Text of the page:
Barney Frank’s disquisition on why you couldn’t have a housing bubble because “houses ain’t tulips” provides a remarkable insight into his thought process and its limitations. In a C-Span video Frank argued that overpriced housing was fundamentally different from historical bubbles, such as the one in tulips because houses had an intrinsic value which flowers did not.
I do want to address this thing about the bubble. I think the bubble is an entirely inappropriate metaphor. Let me just be very clear, houses ain’t tulips. Houses today even with the drop in housing prices are more valuable than tulips were however many years ago when we had the tulip business … bubbles in history haven’t been cases of irrational exuberance. They have been cases of exuberant irrationality. And there really is a distinction. Irrational exuberance means you get a little carried away with something that is basically a good thing. But exuberant irrationality is when you start thinking that tulips or some of those dumb ideas on the internet when there were some of those things that nobody in their right mind wanted to buy, those were excessive.
Considering that Frank was about to become the Financial Services Committee Chairman it was an extraordinary assertion. Economic bubbles happen every time there’s a disconnection between price and value at “high volumes”. It is the disconnection and the volumes involved which makes the bubble. Because the role of different commodities changes in history, bubbles are about different things, but are bubbles just the same. But it’s the price distortion that matters. Historically the worst bubbles arose from financial instruments, which Frank was supposed be on the lookout for. The argument that mortgages were not flowers was irrelevance bordering on intellectual dereliction.
Once the role of price in resource allocation had been banished from his mind then housing, like a bubble itself, was free to float in his conception unmoored from anything but politics. It ceased to be a commodity that was to be allocated by market pricing. Instead it became a “benefit” to distribute to constituents and Barney Frank was determined to do the distributing. He went on to say:
We weren’t doing anything for Fannie Mae and Freddie Mac. The issue for me was housing. We were doing something for housing. And I agreed with those who argued that because of the markets’ perceptions, Fannie Mae and Freddie Mac got this great benefit to be able to borrow money cheaply yet the benefit was not being adequately returned to the public. There were two things you could have done about that. You could have reduced the benefit. You could have cut back on their ability to borrow as cheaply or you could leave that benefit in place and distribute it more fairly. That’s what we chose to do with the affordable housing fund.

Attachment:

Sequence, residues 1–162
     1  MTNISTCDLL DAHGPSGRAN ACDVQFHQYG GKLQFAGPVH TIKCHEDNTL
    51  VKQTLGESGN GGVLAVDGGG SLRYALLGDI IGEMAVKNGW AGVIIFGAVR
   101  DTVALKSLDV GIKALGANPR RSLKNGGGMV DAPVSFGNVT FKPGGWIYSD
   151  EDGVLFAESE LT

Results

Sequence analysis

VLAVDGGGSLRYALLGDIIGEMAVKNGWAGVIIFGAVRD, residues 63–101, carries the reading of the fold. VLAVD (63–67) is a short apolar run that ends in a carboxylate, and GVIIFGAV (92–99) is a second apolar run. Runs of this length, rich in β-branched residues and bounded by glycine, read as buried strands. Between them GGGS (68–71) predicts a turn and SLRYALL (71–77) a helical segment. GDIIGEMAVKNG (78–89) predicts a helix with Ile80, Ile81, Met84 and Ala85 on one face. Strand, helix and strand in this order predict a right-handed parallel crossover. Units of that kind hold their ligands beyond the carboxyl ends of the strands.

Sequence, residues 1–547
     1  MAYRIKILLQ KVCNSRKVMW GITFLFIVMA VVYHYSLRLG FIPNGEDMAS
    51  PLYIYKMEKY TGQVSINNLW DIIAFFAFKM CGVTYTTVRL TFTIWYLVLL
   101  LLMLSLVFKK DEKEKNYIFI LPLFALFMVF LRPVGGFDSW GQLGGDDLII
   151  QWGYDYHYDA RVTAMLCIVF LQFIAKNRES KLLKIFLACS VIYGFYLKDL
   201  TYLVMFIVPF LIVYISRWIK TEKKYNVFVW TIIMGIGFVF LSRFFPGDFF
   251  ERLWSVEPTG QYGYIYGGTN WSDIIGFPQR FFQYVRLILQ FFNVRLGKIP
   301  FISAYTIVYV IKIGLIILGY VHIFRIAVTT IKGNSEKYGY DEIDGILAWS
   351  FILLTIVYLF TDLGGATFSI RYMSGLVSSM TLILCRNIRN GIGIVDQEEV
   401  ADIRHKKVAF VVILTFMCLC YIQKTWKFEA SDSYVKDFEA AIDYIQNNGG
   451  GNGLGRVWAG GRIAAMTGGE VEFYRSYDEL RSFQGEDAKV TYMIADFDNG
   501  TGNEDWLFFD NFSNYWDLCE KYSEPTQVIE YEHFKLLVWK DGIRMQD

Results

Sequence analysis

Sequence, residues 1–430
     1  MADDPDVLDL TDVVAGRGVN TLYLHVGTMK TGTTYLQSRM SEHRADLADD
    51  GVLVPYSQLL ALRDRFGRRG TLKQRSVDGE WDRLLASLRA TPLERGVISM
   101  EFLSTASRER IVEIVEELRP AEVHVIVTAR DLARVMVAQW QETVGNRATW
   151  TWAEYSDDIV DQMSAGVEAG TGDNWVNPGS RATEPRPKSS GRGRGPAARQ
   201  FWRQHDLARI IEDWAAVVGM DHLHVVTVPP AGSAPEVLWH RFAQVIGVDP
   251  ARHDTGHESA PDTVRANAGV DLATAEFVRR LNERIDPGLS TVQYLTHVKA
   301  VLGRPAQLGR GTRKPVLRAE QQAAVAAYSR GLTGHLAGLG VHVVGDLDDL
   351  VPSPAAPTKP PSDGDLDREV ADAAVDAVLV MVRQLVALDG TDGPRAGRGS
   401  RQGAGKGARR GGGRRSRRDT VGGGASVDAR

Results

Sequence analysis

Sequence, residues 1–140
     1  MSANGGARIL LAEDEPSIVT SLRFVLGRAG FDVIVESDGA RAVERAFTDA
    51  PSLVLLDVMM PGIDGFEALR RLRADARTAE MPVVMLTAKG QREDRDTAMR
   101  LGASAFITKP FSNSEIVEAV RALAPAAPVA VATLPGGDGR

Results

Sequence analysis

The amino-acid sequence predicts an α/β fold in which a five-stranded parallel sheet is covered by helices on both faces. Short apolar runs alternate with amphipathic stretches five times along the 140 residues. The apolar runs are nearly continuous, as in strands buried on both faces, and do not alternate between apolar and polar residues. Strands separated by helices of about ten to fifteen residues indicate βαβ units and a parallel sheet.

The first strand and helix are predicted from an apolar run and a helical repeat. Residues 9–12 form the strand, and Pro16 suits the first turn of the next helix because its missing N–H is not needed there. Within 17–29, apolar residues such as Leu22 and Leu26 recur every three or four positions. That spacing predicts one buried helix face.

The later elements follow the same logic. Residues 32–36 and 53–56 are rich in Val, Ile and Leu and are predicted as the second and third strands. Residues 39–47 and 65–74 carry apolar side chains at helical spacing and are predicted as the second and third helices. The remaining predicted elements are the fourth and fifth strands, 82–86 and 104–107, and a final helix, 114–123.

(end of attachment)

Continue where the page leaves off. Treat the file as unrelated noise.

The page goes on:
Embedded in this argument is the dim realization that housing was being misallocated; that Fannie Mae and Freddie Mac were receiving a subsidy that enabled them to provide housing more cheaply than it really cost. But this didn’t bother Barney. It was just fine by him so long as this misallocation was passed as subsidy to the ‘public’. He said, “you could have cut back on their ability to borrow as cheaply or you could leave that benefit in place and distribute it more fairly. That’s what we chose to do with the affordable housing fund.” Here was something for nothing, or at least something from people who could ‘afford it’ and therefore it could be safely passed on.
It was an income transfer from the half of American society that paid taxes to the other half that didn’t. Except that it didn’t take the form of a tax. It was nothing so overt. Instead it assumed the guise of a guarantee that allowed Fannie and Freddie access to cheap money, putting the taxpayer on the hook in case things went bad. It was hidden contingent tax. And what do you know? Despite Barney Frank’s assurances that “houses ain’t tulips”, history proved not for the first time, that housing bubbles can in fact exist. And now the taxpayers are on the hook, in part from his misjudgment.
Because bubbles had happened before, and not just to tulips, the risk of a bubble was a known unknown. But for Barney Frank it was an unknown unknown. Or perhaps it was something worse: it was the known known that wasn’t so.